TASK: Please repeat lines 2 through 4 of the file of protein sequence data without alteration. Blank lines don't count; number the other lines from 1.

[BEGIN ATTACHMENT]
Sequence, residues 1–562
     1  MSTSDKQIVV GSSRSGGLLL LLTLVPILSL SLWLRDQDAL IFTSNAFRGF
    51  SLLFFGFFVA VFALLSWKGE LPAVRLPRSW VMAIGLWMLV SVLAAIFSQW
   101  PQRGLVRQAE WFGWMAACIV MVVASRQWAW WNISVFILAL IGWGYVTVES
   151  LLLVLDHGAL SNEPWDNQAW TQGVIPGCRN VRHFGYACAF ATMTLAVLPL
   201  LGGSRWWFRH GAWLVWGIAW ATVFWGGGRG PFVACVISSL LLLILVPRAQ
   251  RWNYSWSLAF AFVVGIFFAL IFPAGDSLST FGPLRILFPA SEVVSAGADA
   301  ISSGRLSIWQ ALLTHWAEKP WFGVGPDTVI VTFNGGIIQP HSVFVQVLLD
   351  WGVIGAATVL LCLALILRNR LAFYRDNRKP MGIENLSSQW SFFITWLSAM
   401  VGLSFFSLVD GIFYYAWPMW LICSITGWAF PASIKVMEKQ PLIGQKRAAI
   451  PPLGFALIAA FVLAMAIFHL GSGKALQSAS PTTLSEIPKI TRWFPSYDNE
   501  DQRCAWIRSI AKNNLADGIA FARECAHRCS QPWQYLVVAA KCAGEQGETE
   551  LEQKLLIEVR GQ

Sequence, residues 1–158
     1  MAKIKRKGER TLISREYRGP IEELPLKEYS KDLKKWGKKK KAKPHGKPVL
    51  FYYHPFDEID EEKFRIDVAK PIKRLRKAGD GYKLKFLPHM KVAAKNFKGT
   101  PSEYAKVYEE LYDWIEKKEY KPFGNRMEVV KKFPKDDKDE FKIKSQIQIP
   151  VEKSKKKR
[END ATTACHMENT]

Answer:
     1  MSTSDKQIVV GSSRSGGLLL LLTLVPILSL SLWLRDQDAL IFTSNAFRGF
    51  SLLFFGFFVA VFALLSWKGE LPAVRLPRSW VMAIGLWMLV SVLAAIFSQW
   101  PQRGLVRQAE WFGWMAACIV MVVASRQWAW WNISVFILAL IGWGYVTVES